The National Economic Prosecutor’s Office of Chile approved Uber’s deal to acquire Chilean grocery start-up Cornershop. Chilean antitrust regulator initially said that it was concerned that Uber’s purchase of Cornershop would restrict competition among local online startups and launched an investigation. Then in the Green-light statement, it said that the rush of the supermarket's chains into the E-commerce had diminished those concerns and they were convinced that this deal was not reducing the competition and consequently didn’t negatively affected access, quality, quantity or price.
                 Uber first announced that it was going to acquire the Cornershop app in October 2019 And expected the deal to close in early 2020.  The deal was awaiting a green light from both Chile and Mexico. Chilean based company will continue to operate under its current CEO Oskar Hjertonsson, reporting to a board with majority of Uber’s representation.

                 This deal could play a vital role in Uber’s strategy of layering more profitable services atop ride-sharing. Since the company’s disappointing initial public offering, the Chief Executive Officer Dar Khosrowshahi has sought to reassure investors that Uber is focused on turning a profit and continuing to grow. If this deal fully approves, the San Francisco-based company will expand the grocery delivery platform beyond Mexico, Chile, Canada, and Peru and into other regions worldwide.

                              "Whether it's getting a ride, ordering food from your favorite restaurant, or soon, getting groceries delivered, we want Uber to be the operating system for your everyday life," Uber CEO Dara Khosrowshahi said in a statement. “Uber has been aware of the value of grocery delivery for a while now. The global online grocery market, in particular, is forecasted to reach $150 billion by 2025. Grocery is fundamental for the company as it is an adjacent business to its successful Uber Eats restaurant delivery platform”. He added.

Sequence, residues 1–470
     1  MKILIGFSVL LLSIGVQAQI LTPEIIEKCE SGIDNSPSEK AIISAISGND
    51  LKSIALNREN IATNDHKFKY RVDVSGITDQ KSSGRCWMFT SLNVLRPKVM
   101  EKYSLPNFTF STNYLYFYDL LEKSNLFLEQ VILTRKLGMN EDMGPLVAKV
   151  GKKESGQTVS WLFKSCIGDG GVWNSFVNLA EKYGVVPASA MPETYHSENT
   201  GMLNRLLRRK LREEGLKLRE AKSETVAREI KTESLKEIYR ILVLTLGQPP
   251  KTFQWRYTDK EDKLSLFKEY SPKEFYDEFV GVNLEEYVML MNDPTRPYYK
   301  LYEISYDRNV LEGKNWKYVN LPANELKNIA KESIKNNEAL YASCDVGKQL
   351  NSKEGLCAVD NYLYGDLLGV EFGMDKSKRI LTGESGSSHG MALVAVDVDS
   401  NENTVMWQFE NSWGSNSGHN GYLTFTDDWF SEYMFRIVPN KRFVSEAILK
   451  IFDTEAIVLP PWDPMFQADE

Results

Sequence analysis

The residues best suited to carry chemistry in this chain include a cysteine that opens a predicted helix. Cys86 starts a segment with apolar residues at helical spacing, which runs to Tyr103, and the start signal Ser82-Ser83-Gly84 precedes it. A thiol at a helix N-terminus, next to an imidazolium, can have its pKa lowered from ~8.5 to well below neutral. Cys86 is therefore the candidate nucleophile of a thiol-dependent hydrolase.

Cornershop is the largest home delivery platform in Mexico and Chile.it allows users to buy groceries from many stores like Walmart, Petco Holdings Inc., pharmacies, and bakeries and have it delivered at once. The app provides delivery of "groceries to your front door in one hour". It charges retail chains and customers a commission for its services.  Cornershop has rapidly gained popularity in local markets, including Chile, where its shoppers are a common sight scrambling down the aisles of grocery stores as they hunt down orders for customers.

                 The company’s founder and CEO, Oskar Hjertonsson says that He sees this deal as an excellent opportunity for it to expand its on-demand grocery offerings around the world and with more retail partners. Uber is yet to be approved by Mexican authorities. There is no set time regarding when Mexican regulators will make a decision as they have not given a timetable for a decision on the Uber deal. Mexican antitrust agency blocked a similar deal by Walmart to buy Cornershop. Walmart announced it’s intention more than a year ago to purchase Cornershop for $225 million.
                   When Walmart attempted to buy Cornershop in early 2019, analysts saw the purchase as a way for Walmart to increase its e-commerce presence with the help of an established app that brought a giant database of users and more importantly, its consumption patterns. But the deal got cancelled because the Mexican authorities said that the deal could not guarantee a level playing field for rival retailers, whose customers use the app to order groceries and other goods. The deal would have put Walmart in the unusual position of owning an online platform selling its own merchandise alongside goods sold by rivals, with potential access to data about orders placed with competitors.  

                    The deal marks Uber's first entry into grocery delivery, and also places the ride-hailing company in a field with tough competitors. Instacart, Doordash, Postmates, and Amazon all offer similar services at the same time, grocer giants including Walmart, and Kroger are offering similar services. All this competition is there despite online grocery sales only accounting for about 3 per cent of grocery shopping in the United States.